Comparison of perceived and actual rates of survival and freedom from handicap in premature infants

Am J Obstet Gynecol. 1994 Aug;171(2):432-9. doi: 10.1016/0002-9378(94)90279-8.


Objective: Our goal was to learn whether physicians delivering obstetric care accurately estimated rates of survival and freedom from handicap in premature infants.

Study design: We surveyed by mail 409 obstetricians and general and family physicians reported to perform deliveries in Alabama to identify their perceptions regarding survival and handicap-free rates of infants born at gestational ages between 23 and 36 weeks, inclusive. Responses were compared with published national rates of survival and freedom from handicap by means of unpaired t tests.

Results: A total of 224 physicians responded (55%), and 183 were still practicing obstetrics. They significantly underestimated survival rates from 23 through 34 weeks' gestation (p < 0.05) and freedom from serious handicap from 23 through 36 weeks' gestation (p < 0.05). They advocated early treatment of preterm labor, but < 50% would perform cesarean delivery for fetal distress before 26 weeks' gestation.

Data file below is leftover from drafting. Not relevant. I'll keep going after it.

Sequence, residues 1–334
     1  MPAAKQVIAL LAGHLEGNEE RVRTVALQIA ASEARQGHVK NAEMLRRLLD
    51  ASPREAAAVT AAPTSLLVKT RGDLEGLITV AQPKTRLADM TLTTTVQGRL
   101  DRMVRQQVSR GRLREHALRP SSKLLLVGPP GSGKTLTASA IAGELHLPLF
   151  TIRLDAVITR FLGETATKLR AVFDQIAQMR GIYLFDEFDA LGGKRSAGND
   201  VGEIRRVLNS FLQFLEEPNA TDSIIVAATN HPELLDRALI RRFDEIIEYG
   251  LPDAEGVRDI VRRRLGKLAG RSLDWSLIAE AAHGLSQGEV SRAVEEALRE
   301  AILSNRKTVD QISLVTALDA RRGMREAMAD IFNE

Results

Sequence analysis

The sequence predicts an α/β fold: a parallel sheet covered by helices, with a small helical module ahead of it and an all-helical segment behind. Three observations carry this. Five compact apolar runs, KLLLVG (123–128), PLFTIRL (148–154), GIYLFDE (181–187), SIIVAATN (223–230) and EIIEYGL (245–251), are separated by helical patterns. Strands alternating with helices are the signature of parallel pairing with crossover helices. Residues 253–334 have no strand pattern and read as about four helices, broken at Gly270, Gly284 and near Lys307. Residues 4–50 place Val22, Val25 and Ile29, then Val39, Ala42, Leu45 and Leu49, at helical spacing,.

Conclusion: We conclude that physicians delivering obstetric care significantly underestimate survival and freedom from handicap in preterm infants. Perinatal care may be adversely affected by these misperceptions.

Publication types

  • Comparative Study
  • Research Support, Non-U.S. Gov't
  • Research Support, U.S. Gov't, Non-P.H.S.
  • Research Support, U.S. Gov't, P.H.S.

MeSH terms

  • Disabled Persons* / statistics & numerical data
  • Family Practice
  • Female
  • Gestational Age
  • Health Knowledge, Attitudes, Practice*
  • Humans
  • Infant Mortality*
  • Infant, Newborn
  • Infant, Premature*
  • Obstetric Labor, Premature / therapy*
  • Obstetrics*
  • Pregnancy
  • Survival Rate